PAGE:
It’s somewhat fashionable right now to believe that digital, mobile and social media consumption are universally reducing attention spans down to nanoseconds but whilst consumption patterns are changing, I think we’re far from seeing the death or even decline of long-form content. The 'Quartz curve' is an interesting way of thinking about this, and one that I've talked about a fair bit since I first came across it a year ago. Quartz have found that whilst people like to read short, fast digital content, they also really appreciate longer, more analytical pieces. The dangerous ground is in the middle. Turns out that for them, articles that are 500-800 words are too long to be a highly shareable, short, sharp take but too short to be an in depth, insightful analysis. Or as Editor-in-chief Kevin Delany puts it:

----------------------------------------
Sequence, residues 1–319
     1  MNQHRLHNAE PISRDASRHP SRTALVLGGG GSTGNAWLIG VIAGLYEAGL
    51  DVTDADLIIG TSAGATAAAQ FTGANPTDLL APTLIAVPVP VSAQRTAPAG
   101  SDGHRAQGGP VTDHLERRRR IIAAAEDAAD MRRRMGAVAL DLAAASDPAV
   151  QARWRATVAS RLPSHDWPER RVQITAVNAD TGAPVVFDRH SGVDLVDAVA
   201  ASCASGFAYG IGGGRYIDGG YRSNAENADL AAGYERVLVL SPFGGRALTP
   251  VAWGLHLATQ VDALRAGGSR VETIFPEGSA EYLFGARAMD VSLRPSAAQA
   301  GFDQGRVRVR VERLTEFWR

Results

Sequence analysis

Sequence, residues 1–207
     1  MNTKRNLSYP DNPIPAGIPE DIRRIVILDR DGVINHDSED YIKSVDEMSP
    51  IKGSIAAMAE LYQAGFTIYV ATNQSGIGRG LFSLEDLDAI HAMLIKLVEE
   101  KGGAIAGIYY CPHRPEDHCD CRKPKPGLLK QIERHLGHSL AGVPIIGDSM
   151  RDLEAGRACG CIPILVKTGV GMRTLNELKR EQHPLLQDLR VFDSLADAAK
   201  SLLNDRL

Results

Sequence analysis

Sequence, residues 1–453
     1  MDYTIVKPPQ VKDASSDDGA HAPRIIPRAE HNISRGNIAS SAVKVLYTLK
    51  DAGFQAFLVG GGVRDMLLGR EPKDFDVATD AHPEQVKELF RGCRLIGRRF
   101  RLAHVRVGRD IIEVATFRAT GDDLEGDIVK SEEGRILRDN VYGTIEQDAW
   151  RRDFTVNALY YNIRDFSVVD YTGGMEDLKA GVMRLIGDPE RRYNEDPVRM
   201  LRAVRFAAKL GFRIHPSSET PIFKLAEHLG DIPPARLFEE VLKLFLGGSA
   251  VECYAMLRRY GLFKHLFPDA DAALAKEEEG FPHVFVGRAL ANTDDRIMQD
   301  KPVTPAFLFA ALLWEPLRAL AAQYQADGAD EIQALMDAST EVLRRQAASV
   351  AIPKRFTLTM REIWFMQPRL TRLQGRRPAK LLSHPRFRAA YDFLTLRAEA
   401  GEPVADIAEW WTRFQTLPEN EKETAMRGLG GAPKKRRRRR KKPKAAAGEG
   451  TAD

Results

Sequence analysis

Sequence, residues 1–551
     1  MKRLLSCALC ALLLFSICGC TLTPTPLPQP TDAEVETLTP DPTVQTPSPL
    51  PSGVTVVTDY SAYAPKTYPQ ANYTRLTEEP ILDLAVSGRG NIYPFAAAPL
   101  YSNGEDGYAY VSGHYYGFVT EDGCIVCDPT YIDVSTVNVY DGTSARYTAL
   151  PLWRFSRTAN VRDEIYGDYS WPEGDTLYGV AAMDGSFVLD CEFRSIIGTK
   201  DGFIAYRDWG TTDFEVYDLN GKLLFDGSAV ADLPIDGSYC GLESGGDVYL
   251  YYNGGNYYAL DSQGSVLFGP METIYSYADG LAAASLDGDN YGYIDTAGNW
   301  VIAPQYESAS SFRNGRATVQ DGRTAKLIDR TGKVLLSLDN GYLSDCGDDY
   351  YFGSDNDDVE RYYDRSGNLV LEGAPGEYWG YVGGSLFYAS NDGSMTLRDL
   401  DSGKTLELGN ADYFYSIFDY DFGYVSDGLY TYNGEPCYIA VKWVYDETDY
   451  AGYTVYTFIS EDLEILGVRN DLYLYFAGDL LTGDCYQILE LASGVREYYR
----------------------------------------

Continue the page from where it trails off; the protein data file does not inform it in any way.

“The place between 500 and 800 words is the place you don't want to be because it's not short and fast and focused and shareable, but it's not long enough to be a real pay-off for readers. The standard of production for most traditional news organisations is still somewhere within that range. For a digitally native organisation there's an opportunity.”
This, says Delany, also applies to timing with a longer, analytical article produced days after a big event doing well as well as the more obvious shorter pieces produced as the event is unfolding. Intuitively makes sense but lessons there for us all I think.